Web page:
Hagar underscored his belief that this transaction stands out as truly being a “merger of equals” by noting that the last similarly structured deal in the US onshore sector that his team could find was made 18 years ago. “Both sides understand there are social challenges related to this transaction,” he said, adding, “Everybody has to compromise a little bit in order to create something that's even stronger.”
A major component of the combined business involves its “fixed plus variable” dividend which is part of a wider “cash-return” model that prioritizes profits over production growth. Devon will offer a fixed quarterly dividend of $0.11 per share, or about 10% of estimated cash flow. On top of that, investors could see up to 50% of the remaining cash flow distributed back to them on a variable basis each quarter.
“It is the framework that we've been hearing about some time from investors, and the fact that Devon is showing the leadership to do that I think will absolutely separate us from the crowd,” said Muncrief on the adoption of a variable dividend, to which he stressed he is “committed” to executing.
The new plan also calls for Devon to limit asset reinvestment to between 70 and 80% while restricting production growth to no more than 5% annually. Every 1% of production growth will require about $100 million in additional capital, Muncrief said.
He added that Devon needs WTI prices of about $50/bbl before it can start aiming for the 5% growth target. “That’s $10 from where we’re currently trading, so you know we’re going to be very thoughtful around that,” said Muncrief, reminding investors on the call that the company’s leadership is aware that any increase in commodity prices could be temporary.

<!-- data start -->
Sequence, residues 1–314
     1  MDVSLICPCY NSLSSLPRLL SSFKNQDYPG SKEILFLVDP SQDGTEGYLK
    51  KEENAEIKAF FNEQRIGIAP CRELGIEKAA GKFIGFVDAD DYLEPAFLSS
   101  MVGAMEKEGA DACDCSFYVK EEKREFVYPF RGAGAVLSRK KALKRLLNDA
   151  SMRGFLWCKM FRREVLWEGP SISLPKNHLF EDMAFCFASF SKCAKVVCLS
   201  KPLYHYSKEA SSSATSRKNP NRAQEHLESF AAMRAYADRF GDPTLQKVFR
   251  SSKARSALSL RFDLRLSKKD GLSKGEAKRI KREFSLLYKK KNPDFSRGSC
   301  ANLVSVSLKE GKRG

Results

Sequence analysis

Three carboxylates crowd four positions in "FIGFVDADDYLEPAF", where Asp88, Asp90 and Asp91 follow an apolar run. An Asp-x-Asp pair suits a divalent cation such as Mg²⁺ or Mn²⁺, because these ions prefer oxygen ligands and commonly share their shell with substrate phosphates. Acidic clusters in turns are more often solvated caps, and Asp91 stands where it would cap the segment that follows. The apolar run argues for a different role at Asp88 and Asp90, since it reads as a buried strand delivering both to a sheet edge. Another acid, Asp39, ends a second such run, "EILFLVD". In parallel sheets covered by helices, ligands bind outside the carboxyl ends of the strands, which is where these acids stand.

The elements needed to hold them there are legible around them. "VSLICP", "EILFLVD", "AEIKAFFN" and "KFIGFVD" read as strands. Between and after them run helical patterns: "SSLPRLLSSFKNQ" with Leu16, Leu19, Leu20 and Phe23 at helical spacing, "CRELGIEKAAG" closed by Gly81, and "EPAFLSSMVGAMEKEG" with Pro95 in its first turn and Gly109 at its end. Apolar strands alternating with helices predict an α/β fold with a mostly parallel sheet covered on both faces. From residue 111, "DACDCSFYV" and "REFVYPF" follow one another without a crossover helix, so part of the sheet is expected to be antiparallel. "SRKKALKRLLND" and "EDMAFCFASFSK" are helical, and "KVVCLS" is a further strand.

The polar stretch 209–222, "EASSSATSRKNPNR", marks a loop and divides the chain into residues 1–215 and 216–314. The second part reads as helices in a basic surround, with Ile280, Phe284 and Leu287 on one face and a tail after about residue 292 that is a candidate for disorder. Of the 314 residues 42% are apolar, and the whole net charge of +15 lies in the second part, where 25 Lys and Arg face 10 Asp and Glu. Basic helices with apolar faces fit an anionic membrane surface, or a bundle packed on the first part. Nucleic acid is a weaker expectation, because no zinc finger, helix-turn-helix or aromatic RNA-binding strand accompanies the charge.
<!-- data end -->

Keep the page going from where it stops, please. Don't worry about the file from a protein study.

Weighing in after the announcement of the merger, Alex Beeker, a principal analyst at Wood Mackenzie, said although the shale sector has seen a number of consolidation deals in recent years, “extreme market volatility has slowed the process considerably.” He added that since June, WTI oil prices have stabilized around the $40 mark which is “likely closing the bid-ask spread” between shale producers seeking deals.
Wood Mackenzie’s analysis also casts a favorable light on the key aspects of the deal. “A WPX and Devon tie-up makes sense operationally,” said Beeker. “We like the diversification WPX brings, particularly mature Bakken production. We do expect the combined budget—if the deal closes—to be less than the sum of the parts, so Devon’s cash flow should improve. WPX has a shallower underlying base decline rate than Devon.”
Analysis from Moody’s also found benefits in the transaction, noting that the potential cost efficiencies should more than offset the addition of WPX’s debt to Devon’s balance sheet. In June, WPX reported a debt load of about $3.3 billion and $407 million cash-on-hand. This adds to Devon’s total debt, which at the end of the second quarter was $4.29 billion. Devon reports a cash reserve of $1.6 billion.
“Overall, the asset base is a good strategic fit, significantly increasing the combined company’s Delaware Basin scale, and a new Williston position adds to Devon’s US shale diversification,” read the note from Moody’s.